We caught a boat to Chippewa Harbor, and so the adventure truly began. It was a slow paddle through the harbor, taking everything in and realizing that we were finally there. The water was crystal clear; you could see the bottom in pretty much all but the deepest parts. Itís a crazy feeling, looking about 20-40 feet down and still being able to see everything as clear as day. We made our way to the end of the basin towards our first portage, and also arguably one of the worst portages of the trip. While itís only a little longer then half a mile long, it has many hills, loose rocks, roots and other things to trip you up and make you lose your footing. On top of that, doing it on your first day at the island and as the first portage, really leaves you unprepared for it, even if youíve done it once before. The euphoria caused by being on the island quickly fades, and you grit your teeth and begin one of the worst half miles of your life. And if that wasnít enough, the mosquitoes are there to greet you as soon as you leave the water.

As you exit the woods however, that feeling you had when you got to the island, that feeling of paradise returns and you look across the first inland lake of the many you will see on this trip. Lake Whittlesey. Not as clear as the harbor you just left, but much more welcoming then the mosquito infested hell you just exited, you will hurriedly pack your things back into the canoes and head towards camp for the night. I know I did. Getting camp set up before you start fishing or doing anything else is a very important piece of work, and hereís why. On my first trip to Isle Royale, my father and I had just gotten in from fishing till almost sunset, and were just finishing up cooking the walleye and pike that we had caught. All of the sudden I heard what I thought was a plane from across the lake, coming right towards us. I asked my dad what it was and just as he said I donít know, a wall of mosquitoes began making their way over the lake and straight towards us. Yes folks, you heard right, a WALL of them. Iíve never seen so many mosquitoes in my life; needless to say we were done eating in 5 minutes and spent the next 30 in our tent killing every mosquito that managed to get in with us, just so we could get some rest.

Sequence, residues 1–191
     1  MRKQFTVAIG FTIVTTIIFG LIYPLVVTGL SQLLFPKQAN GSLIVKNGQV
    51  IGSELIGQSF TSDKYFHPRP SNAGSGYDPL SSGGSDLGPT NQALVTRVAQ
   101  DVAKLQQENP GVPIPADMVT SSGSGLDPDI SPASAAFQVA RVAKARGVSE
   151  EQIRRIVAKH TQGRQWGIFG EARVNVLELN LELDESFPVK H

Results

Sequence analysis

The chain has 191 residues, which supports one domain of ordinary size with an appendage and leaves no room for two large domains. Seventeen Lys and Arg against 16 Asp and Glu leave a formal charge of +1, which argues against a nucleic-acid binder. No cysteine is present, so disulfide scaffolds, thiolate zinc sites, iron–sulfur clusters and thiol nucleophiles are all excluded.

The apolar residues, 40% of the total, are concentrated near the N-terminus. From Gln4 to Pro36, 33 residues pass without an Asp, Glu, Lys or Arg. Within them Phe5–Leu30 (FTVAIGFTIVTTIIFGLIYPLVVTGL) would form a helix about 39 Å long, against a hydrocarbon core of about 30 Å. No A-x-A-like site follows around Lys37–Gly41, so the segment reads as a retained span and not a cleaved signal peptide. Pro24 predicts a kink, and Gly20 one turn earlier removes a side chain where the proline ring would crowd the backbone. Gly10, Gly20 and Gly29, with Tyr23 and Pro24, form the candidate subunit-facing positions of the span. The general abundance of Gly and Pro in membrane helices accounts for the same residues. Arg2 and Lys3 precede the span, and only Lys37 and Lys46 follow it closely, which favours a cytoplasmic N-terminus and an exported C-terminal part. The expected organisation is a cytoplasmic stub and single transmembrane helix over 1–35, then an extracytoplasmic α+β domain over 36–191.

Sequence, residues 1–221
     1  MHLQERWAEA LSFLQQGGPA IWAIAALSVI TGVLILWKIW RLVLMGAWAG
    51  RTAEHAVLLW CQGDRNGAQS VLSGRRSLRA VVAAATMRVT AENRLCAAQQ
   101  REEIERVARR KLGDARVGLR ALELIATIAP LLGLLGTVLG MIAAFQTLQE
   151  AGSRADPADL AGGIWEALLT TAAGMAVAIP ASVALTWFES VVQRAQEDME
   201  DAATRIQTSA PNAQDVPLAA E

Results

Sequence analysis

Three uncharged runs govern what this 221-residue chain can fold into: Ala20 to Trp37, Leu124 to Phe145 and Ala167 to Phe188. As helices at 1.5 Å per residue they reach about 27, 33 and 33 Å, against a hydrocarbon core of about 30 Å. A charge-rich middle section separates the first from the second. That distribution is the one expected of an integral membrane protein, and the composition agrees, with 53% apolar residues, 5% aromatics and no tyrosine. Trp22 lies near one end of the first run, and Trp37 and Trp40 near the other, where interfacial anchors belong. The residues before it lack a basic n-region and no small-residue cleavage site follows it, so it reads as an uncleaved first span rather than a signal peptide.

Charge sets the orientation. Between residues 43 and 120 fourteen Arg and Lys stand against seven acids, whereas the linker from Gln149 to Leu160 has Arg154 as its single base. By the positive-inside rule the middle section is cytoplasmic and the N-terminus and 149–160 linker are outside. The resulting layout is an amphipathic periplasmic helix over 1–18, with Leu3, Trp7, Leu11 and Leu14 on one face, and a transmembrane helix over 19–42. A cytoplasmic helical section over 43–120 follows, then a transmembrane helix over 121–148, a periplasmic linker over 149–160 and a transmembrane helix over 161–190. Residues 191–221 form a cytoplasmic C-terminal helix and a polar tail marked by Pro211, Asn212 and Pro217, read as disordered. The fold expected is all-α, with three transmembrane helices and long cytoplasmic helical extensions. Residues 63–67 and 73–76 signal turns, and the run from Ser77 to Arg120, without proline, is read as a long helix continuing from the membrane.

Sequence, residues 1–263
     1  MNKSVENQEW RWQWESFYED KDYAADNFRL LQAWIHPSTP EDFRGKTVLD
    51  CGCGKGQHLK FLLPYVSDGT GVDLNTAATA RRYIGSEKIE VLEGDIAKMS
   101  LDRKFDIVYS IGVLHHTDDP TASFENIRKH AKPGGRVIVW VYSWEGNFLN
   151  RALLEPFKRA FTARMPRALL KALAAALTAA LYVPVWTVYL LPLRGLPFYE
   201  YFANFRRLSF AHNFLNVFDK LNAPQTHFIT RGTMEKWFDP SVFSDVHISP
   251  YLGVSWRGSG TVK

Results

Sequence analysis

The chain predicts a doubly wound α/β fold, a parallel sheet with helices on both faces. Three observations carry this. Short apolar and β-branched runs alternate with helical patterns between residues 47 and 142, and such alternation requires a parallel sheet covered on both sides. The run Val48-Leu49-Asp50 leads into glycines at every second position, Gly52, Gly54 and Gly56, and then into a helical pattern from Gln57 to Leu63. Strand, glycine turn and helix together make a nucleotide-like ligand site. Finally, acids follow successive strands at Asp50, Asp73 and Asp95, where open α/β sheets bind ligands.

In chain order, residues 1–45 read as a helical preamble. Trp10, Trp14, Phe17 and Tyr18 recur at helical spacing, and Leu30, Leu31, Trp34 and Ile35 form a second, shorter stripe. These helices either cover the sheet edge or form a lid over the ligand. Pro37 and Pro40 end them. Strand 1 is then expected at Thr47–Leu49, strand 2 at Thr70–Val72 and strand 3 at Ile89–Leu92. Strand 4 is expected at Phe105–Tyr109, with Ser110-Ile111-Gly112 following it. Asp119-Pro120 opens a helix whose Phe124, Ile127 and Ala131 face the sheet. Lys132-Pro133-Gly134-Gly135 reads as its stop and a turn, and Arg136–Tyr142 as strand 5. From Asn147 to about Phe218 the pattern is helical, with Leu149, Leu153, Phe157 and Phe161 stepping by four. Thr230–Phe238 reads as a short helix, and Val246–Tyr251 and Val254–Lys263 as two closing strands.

The portage to Wood Lake is much more agreeable then the first. Itís still no picnic, but who said carrying 50-60 pound packs and canoes would be? From many of the people that Iíve spoke to, there are some monster pike in this lake. My first trip here we had a 30+ incher hooked, but it got caught on one of the rivets on the bottom of the canoe. Sadly, the time we spent here we didnít get as many big fish as I was hoping, the best one being around 28 inches. The week before we came there was a huge storm that rolled through and kind of through the fishing out of whackÖ Just my luck. I did catch enough to eat though, and the viewÖ well, few can match it. Letís just say worse things couldíve happened. The one truly bad thing that did happened though, I got some pretty spectacular sun burns. Remember kids, when your parents want to toss some SPF goodness on you, you should probably let them. I spent most of the week hiding from the sun, which is a hard thing to do when youíre in the middle of a lake in a kayak trying to catch dinner, believe me on that one.